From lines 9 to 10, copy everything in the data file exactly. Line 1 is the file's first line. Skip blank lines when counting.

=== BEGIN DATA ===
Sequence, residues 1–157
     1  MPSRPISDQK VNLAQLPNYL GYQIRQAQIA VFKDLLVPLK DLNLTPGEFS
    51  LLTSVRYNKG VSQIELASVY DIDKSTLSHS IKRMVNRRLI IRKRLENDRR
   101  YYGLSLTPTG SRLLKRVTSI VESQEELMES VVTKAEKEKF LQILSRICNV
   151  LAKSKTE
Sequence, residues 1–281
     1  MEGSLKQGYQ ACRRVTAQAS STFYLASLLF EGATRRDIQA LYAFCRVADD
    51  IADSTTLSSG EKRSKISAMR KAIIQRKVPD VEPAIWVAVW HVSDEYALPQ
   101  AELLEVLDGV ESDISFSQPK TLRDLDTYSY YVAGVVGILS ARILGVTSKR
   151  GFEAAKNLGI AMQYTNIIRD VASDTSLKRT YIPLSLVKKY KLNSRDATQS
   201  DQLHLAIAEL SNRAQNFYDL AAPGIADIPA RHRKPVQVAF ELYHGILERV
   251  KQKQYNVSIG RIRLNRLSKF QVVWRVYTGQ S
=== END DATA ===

   101  AELLEVLDGV ESDISFSQPK TLRDLDTYSY YVAGVVGILS ARILGVTSKR
   151  GFEAAKNLGI AMQYTNIIRD VASDTSLKRT YIPLSLVKKY KLNSRDATQS